Not All Water Is Alike!

Maybe you’ve heard that you should drink one ounce of water for every half-pound of your body weight for optimal hydration.

That’s a great, helpful guideline, but it raises a big question: “What kind of water should I drink?”

When it comes to water, there are a ton of options out there promising to help keep you healthy and quench your thirst. Not all types of water are alike!

Here’s a field guide to seven of the most common types of water you’ll find in the wild:

1.) Tap Water

One of the biggest selling points for tap water is that it’s cheap and easy to get. Just turn on your faucet, and you’re good to go!

But many people worry about the contents of their tap water. It’s common to hear stories of people getting sick from drinking tap water, which may be contaminated by lead and other heavy metals. On top of that, tap water’s taste and composition will be different everywhere you go, since it will always be coming from different sources and treated in different ways before it makes its way into your cup.

For example, the tap water available in Chicago is considerably more mineral-dense than water in the Pacific Northwest, which has naturally “soft” water. Areas that draw their water from reservoirs may not need to filter their water as much as areas that source their water from busy rivers and lakes.

On top of all of this, almost all tap water in the U.S. is treated with chemicals, including fluoride and chlorine. This treatment makes many people leery—and plenty of others just don’t like the taste.

The Environmental Protection Agency (EPA) does maintain strict standards for tap water, and requires water suppliers to issue a Consumer Confidence Report at least once per year. To do some research on your local tap water, don’t hesitate to do some digging on the EPA’s website.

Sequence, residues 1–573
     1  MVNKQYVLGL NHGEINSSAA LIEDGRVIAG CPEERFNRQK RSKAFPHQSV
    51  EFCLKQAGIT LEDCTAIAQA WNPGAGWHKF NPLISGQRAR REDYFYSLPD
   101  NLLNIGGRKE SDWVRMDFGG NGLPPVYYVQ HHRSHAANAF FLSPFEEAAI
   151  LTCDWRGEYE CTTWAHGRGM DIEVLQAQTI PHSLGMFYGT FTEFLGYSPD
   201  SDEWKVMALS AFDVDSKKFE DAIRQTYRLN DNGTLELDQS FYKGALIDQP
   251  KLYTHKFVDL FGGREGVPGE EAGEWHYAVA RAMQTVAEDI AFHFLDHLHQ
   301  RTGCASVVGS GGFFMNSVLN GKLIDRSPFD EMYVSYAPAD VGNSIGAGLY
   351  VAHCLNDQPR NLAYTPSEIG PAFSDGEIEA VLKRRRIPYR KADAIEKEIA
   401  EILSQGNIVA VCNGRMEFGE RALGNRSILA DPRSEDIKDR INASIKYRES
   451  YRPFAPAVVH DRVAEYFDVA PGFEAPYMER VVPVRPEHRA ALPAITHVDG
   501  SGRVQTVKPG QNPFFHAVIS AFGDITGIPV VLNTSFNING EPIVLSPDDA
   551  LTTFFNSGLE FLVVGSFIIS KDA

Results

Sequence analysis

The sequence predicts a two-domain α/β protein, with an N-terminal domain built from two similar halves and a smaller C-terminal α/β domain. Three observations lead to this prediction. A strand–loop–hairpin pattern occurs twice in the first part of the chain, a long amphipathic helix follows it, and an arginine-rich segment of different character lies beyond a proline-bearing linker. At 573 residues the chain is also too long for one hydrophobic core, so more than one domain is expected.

You may also want to take matters into your own hands! Many local plumbers, city governments, and water filtration companies offer water quality testing services, and you can order a “Do It Yourself” water testing kit from many hardware stores or online.

2.) Purified Water

For anyone who wants to have a greater level of control over what’s in their water, installing an at-home water purification and filtration system is a great starting point. There are many different types of water filtration methods available, but two of the most common and widely available are known as reverse osmosis and carbon filtration.

Reverse osmosis works by forcing water through a semi-permeable membrane at high pressure. This process is capable of removing “99%+ of the dissolved salts (ions), particles, colloids, organics, bacteria and pyrogens from the feed water,” according to a report from PureTec. There are a few different types of reverse osmosis systems available for home use, so if you’re considering this option, you’ll want to do a little research to see which one will work best for you.

Carbon filtration systems can be added at different points in your home—such as beneath your faucet or at the tap. Small filters can even be added to water pitchers. In this process, water flows through a bed of activated carbon material, which helps remove bacteria, chemicals, metals, and other contaminants from your drinking water while keeping the stuff you do want, like healthy minerals, in.

3.) Mineral Water

Have you ever seen a bottle or jug of “mineral water” and wondered what exactly set it apart from other kinds of water?

Most commonly, mineral water is obtained from underground sources, and is naturally rich in good minerals, such as calcium, magnesium, and manganese. In fact, some mineral water may contain up to as much as four times the calcium of regular tap water!

Did you know that companies that sell mineral water are not allowed to add additional minerals to the water they source, bottle, and distribute? And the exact makeup of mineral waters will vary from brand to brand, depending on its source. So if you drink mineral water, or want to try it, be sure to do your research about where the water comes from, and find out if the water is treated in any way before it makes its way into your bottle.

4.) Spring Water